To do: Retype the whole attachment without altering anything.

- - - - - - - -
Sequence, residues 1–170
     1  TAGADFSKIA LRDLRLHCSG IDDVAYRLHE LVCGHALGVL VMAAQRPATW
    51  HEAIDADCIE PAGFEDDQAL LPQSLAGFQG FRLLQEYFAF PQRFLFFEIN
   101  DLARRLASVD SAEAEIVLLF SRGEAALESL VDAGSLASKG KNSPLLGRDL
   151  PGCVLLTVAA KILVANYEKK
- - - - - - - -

Sequence, residues 1–170
     1  TAGADFSKIA LRDLRLHCSG IDDVAYRLHE LVCGHALGVL VMAAQRPATW
    51  HEAIDADCIE PAGFEDDQAL LPQSLAGFQG FRLLQEYFAF PQRFLFFEIN
   101  DLARRLASVD SAEAEIVLLF SRGEAALESL VDAGSLASKG KNSPLLGRDL
   151  PGCVLLTVAA KILVANYEKK